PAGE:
Monday 11 December 2017

Brittany still oozes beguiling old world charm

Kim Bielenberg returns with his own children to the Britanny beach he camped near as a child and the sea was as warm as he remembered it

Picture postcard: The harbour in La Trinite-sur-Mer
Picture postcard: The harbour in La Trinite-sur-Mer
Kim Bielenberg

Kim Bielenberg

The excitement started at dawn as the Pont-Aven ferry from Cork approached the harbour at Roscoff in Brittany, hundreds of miles from Paris. Lights could be seen twinkling on the horizon, and a little boy was excited: "Look, dad. It's the Eiffel Tower!"

I had felt the same sense of excitement when I arrived in France for the first time almost four decades ago. In that era when foreign travel was a novelty, everything seemed deliciously exotic from the Citroen 2CV cars to the billboards advertising Breton cider.

Now, I was returning as a parent to the very beach at La Trinite-sur-Mer on the Brittany coast where we had camped as children. Then we had tents and spent what seemed like hours of bickering getting them to stand. Now we were bound for the relative comfort of a mobile home on the same site at Camping De La Baie.

We arrived in a somewhat frazzled state, having taken several wrong turns and irksome though scenic seaside diversions, with me cursing what I felt was poor signposting, and my family accusing me of "an appaling sense of direction". As rolling hills, apple orchards and fields of ripening maize flew by, our destination did not seem to get closer. Somehow, we found La Trinite, the picture-postcard harbour close to our campsite.

No more than a couple of streets of shops facing out on a harbour, the village has certain notoriety as the birthplace of Jean-Marie Le Pen, founder of France's ultra-right wing National Front. He was orphaned as a 14-year-old when his father's fishing boat was blown up by a mine during World War II.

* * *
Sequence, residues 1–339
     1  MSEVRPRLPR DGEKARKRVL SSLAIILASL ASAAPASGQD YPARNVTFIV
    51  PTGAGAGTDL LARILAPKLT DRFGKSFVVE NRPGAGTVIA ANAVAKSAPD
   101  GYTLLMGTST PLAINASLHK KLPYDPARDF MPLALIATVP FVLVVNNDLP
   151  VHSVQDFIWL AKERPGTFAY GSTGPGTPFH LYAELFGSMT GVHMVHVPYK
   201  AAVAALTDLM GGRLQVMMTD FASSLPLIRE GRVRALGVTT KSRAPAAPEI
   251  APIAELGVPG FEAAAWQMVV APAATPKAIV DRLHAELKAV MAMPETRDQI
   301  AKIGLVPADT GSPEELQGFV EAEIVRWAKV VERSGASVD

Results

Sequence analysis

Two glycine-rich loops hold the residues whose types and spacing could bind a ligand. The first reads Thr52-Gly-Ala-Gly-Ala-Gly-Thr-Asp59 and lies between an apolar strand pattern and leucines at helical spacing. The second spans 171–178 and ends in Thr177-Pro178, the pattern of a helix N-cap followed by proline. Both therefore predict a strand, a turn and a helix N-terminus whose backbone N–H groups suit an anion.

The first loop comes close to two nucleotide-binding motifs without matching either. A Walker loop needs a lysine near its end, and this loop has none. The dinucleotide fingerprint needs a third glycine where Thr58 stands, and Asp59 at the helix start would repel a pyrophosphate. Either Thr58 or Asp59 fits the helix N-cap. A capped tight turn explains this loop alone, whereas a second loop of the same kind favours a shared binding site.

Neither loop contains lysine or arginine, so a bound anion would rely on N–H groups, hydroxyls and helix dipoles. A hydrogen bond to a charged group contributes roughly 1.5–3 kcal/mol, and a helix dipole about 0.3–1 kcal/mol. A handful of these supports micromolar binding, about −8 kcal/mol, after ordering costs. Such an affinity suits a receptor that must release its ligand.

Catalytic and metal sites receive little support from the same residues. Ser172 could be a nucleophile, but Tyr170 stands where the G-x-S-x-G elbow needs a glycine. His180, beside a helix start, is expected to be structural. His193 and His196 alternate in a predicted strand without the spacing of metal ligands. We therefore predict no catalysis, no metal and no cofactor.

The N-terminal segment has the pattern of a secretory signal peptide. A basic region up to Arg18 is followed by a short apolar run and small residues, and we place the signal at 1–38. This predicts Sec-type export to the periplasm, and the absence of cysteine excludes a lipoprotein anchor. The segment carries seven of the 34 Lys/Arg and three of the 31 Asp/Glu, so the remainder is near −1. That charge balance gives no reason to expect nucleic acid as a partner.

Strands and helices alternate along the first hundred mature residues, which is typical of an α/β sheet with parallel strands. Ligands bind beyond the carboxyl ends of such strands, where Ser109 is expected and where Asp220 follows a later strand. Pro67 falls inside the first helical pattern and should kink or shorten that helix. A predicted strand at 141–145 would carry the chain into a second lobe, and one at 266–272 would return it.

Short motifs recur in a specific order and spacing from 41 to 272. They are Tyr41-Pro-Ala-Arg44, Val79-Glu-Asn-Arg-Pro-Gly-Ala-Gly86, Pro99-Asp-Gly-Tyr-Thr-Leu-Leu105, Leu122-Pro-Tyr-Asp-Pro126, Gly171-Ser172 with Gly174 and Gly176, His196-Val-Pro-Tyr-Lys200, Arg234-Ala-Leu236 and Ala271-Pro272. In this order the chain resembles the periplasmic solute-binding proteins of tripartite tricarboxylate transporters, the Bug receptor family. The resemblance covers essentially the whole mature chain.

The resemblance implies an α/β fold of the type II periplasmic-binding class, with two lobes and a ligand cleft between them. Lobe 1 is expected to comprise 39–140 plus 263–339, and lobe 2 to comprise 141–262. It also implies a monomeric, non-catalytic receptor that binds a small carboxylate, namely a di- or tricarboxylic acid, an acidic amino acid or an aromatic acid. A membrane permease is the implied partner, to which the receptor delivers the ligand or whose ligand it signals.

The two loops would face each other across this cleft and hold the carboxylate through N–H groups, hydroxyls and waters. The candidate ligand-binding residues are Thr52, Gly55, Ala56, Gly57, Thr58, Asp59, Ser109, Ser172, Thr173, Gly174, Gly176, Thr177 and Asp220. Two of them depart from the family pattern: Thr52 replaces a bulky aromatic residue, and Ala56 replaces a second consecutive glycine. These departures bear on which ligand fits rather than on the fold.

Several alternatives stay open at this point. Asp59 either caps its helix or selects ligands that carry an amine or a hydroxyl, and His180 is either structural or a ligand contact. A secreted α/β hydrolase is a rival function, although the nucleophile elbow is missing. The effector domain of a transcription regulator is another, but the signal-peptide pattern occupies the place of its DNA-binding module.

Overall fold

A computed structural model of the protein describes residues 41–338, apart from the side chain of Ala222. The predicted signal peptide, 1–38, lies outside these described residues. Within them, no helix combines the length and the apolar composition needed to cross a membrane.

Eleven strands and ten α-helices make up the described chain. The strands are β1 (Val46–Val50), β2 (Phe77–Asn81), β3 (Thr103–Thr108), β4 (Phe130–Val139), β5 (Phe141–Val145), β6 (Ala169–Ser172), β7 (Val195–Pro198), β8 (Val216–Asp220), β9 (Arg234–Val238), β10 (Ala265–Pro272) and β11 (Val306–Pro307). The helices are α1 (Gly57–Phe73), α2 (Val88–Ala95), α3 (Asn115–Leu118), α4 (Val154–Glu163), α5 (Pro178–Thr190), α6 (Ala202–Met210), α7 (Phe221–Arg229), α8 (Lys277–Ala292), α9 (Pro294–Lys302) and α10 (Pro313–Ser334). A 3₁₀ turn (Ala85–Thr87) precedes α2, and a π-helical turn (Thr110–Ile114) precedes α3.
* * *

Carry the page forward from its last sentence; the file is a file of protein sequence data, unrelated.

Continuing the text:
Modern Trinite breathes affluence, and hundreds of substantial yachts line the marina, making a tinkling sound in a gentle breeze. On the way to our campsite, we passed large stone houses with blue shutters – and gardens full of blooming hydrangeas. These are the elegant summer retreats – passed through generations – of well-to-do Parisians, who look at the arrival of pale foreign interlopers with a certain disdain.

Camping De La Baie is a friendly family-run operation set on a small peninsula. It is sandwiched between two sandy beaches, busy Kerbihan on one side and Kervillen on the other. One of benefits of this sheltered strip of coastline is that the sea is warmer than in much of the rest of Brittany. We have holidayed just an hour west of here, and the water is icy by comparison. The nearest big town is Carnac, just 3 km around the bay.

On the edge of the town, there are fields with hundreds of Menhirs, ancient standing stones arranged in a grid. Carnac is worth a visit. It has two distinct parts: one half is a cheerful beachside resort of ritzy shops, restaurants and ice cream stands, that fringes a long strand; the other part, inland, has the atmosphere of an old-fashioned Breton country town with a cobbled square.

As kids caught the last rays on the beach at 8pm, we stopped at Le Bistro for almond, chocolate and banana crepes, and cider that came in cups known as a bolee.

The old area has that familiar chameleon-like quality of French towns. On a Monday evening when we visited it was more or less dead, with the few cafes open empty, and not a sinner on the street.

And then on market day on Wednesday, the usually sleepy old town comes alive. A market selling cheap clothes, food and drink extends from one end of the town to the other – hundreds of varieties of cheese, rotisserie chickens and cider. Two young buskers play Irish reels on the corner, adding a familiar Celtic twang that is commonly found in this region.

After a relaxing week of swimming, beach lounging and pottering around markets, it was time to return to Roscoff, and the ferry back to Cork. We may not have seen the Eiffel Tower, but we were satisfied.



Getting there

Brittany Ferries (021 427 7801; sails from Cork to Roscoff every Saturday in summer. A return fare for a family of four with car and cabin on the outside of the ship in early July is €1,188.

Staying there

Five nights for two adults and two children in a mobile home at Camping De La Baie (0033 02 97 55 73 42; in July costs €540.

Irish Independent

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